Museum of Ho Chi Minh City
A beautiful building
What we say:
Previously known as the Revolutionary Museum, this large grey circa-1885 building is on Ly Tu Trong Street, a short walk from the centre of District One and the Reunification Palace.
The colonial building has played a number of roles: firstly it was a commercial museum, then the Cochinchina Governor's palace, then briefly in 1945 it was the provisional administrative HQ before morphing into the French High Commissioner's Office.
Later incarnations included the Gia Long Palace and the Supreme Court. In the late 1970s it was relaunched as the Revolutionary Museum and subsequently renamed the Museum of Ho Chi Minh City.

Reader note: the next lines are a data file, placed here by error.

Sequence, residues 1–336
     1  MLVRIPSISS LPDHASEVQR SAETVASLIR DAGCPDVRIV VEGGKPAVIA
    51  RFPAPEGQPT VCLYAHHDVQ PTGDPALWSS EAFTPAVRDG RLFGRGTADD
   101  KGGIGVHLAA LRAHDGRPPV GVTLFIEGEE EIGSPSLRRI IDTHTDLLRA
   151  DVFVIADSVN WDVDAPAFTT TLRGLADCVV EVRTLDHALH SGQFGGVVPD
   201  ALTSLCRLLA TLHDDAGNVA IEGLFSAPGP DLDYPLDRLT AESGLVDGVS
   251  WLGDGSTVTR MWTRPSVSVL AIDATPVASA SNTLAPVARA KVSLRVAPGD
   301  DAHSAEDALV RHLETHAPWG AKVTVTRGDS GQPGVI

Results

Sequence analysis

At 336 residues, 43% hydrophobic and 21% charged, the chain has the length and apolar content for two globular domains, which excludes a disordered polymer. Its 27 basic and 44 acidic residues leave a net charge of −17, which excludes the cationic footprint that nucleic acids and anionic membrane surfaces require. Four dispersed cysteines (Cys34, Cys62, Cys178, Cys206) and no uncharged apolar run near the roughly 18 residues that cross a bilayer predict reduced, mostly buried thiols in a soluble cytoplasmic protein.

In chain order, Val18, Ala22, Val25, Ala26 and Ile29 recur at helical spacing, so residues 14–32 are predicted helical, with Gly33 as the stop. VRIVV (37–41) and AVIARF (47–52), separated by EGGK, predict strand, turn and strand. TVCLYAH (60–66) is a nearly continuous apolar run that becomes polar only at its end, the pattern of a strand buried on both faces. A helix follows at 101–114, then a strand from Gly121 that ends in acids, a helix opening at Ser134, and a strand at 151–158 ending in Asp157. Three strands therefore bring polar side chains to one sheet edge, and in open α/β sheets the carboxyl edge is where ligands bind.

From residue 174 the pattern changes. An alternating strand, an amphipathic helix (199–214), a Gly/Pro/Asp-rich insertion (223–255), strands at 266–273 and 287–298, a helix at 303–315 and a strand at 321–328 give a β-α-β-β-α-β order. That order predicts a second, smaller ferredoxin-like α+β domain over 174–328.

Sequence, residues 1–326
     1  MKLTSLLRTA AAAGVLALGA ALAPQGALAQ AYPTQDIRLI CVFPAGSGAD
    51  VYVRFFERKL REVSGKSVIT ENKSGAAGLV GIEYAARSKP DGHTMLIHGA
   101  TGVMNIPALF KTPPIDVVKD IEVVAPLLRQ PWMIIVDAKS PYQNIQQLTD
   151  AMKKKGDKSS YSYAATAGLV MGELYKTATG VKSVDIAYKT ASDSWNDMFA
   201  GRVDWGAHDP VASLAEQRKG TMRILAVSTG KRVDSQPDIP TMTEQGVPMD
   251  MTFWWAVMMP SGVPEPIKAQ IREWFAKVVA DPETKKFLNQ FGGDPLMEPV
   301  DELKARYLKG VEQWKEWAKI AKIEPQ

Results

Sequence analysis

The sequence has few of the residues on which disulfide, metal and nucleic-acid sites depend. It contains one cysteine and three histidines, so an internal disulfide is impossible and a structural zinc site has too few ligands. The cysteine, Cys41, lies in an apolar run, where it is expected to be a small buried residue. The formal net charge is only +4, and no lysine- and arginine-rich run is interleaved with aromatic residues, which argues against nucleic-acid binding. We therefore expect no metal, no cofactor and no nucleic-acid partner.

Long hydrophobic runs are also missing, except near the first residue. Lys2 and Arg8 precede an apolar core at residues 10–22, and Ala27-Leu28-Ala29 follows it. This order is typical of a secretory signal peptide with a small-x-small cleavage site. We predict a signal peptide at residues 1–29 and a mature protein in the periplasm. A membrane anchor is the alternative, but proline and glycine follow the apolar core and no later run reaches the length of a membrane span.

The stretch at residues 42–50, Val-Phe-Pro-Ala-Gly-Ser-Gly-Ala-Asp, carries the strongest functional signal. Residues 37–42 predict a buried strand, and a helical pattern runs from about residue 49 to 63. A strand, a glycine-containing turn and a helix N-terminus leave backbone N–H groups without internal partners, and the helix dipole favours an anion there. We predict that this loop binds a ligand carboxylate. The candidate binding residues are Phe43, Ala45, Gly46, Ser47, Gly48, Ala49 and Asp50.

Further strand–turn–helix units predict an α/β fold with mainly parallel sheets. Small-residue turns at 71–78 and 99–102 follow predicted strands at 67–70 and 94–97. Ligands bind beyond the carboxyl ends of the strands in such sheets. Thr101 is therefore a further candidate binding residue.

The museum contains a photographic record of the revolution within Vietnam, beginning with the French and ending with the Americans. There's also an expansive display of more ethno-societal and archaeological relics, though it feels a bit thrown together.
Beneath the museum lies an elaborate network of tunnels and bunkers that reach as far as Reunification Palace. It was through these tunnels that President Diem scampered before eventually fleeing to Cha Tam Church (and his death).
As the tunnels are off-limits, the main attraction, for us anyway, is the actual building. As with many museums across Vietnam, the grounds contain some war booty. Only some of the displays are labelled in English.
More details65 Ly Tu Trong St, District 1, Ho Chi Minh City
Opening Hours: Daily 08:00-17:00
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